To hear it from him, there wasn't much behind Gord Annand's decision to run for council on Oct. 20.
"It's rather simple," he said. "I've been active in the not-for-profit volunteer community for a long time, and just want to have an extension of my involvement in the community. Nothing more, nothing less."
Annand's first experience with Whistler was in 1965 when he and his wife Susan rented in the community, and their first permanent investment came in 1988.
The Annands have been full-time residents since 2004.
Over the years, Annand has been heavily involved in the community, including sitting on boards such as the Whistler Public Library and coordinating support for events like Cornucopia and Ironman.
He received a Civic Service Award from mayor and council for his volunteer efforts in 2014, and Canada's Governor General David Johnston presented him with the Sovereign's Medal for Volunteers in 2017.
"I'm recognized for kind of a can-do attitude, and we've moved forward in the not-for-profit community and the other areas in the community, and now look to resolve some of the issues (at the municipal level)," he said.
The most prominent of which is housing.
"All the focus has been on the rental housing side of things, and that's important, but affordability is a huge factor and we're losing people in the community because of the affordability factor," he said. "It stymies economic development."
Annand also takes issue with the resignation of the Whistler 2020 Development Corp. (WDC) board earlier this year.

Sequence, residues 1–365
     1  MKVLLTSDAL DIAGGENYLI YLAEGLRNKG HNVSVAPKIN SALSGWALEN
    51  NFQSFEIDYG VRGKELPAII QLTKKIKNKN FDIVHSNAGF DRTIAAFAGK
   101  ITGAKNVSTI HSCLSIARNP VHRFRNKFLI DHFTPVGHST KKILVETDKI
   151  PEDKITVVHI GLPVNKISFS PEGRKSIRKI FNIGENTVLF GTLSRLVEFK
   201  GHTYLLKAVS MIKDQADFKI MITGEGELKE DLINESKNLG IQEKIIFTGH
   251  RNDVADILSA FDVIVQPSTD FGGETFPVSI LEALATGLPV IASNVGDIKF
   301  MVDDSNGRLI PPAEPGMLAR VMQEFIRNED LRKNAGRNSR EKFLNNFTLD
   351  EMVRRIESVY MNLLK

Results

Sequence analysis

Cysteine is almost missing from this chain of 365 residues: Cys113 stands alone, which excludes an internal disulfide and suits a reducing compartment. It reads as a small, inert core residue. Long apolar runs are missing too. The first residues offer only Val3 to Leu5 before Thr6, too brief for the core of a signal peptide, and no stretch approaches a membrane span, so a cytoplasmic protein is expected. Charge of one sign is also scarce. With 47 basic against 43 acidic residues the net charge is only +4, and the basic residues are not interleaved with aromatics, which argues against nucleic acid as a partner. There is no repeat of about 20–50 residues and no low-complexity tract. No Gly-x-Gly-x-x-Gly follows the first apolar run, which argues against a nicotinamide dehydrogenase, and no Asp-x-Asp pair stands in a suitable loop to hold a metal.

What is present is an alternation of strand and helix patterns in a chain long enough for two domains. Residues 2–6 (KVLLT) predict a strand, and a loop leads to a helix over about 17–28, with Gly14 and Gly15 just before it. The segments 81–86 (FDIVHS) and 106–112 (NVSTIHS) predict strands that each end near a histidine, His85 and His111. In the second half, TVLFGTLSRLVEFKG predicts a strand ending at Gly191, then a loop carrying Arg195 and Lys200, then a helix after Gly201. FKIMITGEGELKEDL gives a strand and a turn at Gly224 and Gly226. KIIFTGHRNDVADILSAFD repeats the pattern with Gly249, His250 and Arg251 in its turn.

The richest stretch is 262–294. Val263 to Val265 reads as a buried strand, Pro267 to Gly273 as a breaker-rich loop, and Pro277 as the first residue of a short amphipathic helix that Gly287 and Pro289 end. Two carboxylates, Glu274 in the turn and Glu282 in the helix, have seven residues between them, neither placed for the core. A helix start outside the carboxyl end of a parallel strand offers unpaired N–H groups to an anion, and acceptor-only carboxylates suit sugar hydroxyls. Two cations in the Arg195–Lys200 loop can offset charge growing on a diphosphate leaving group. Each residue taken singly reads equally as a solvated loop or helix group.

"I don't know the circumstances, I wasn't at the table, but for the brain trust that was the WDC to just evaporate, it's a major, major concern, because they did a lot of good in the community and they were doing it at no cost," Annand said.
"So if the resolve is to move forward with more levels of bureaucracy, that is both A: inefficient and B: extremely costly."
Annand sees more questions than answers when looking to Whistler's future, and in addressing them, he sees a need for collaboration.
"This current council seems to struggle working collaboratively, so hopefully we can get a group at the table who will maybe—not have the same opinions—but respect each other's opinions, and move forward as one," he said.
"What is the plan? ... There doesn't appear to be any sense of plan to get to where everybody knows we have to go, from the rental side of things and from the affordability side of things. And in most cases, without a plan, the results are bad decisions."
A campaign site will be launched in the coming days at www.gordannand.ca.
Annand joins WRM strata operations manager Brian Reid, retired BC Ferries captain Janice Lloyd, former councillor Ralph Forsyth, retired schoolteacher Dawn Titus and incumbent Jen Ford in the race for a council seat. Incumbent councillor Jack Crompton will run for mayor.
The nomination period ends Friday, Sept. 14. Those interested in running can find more info at www.elections.bc.ca.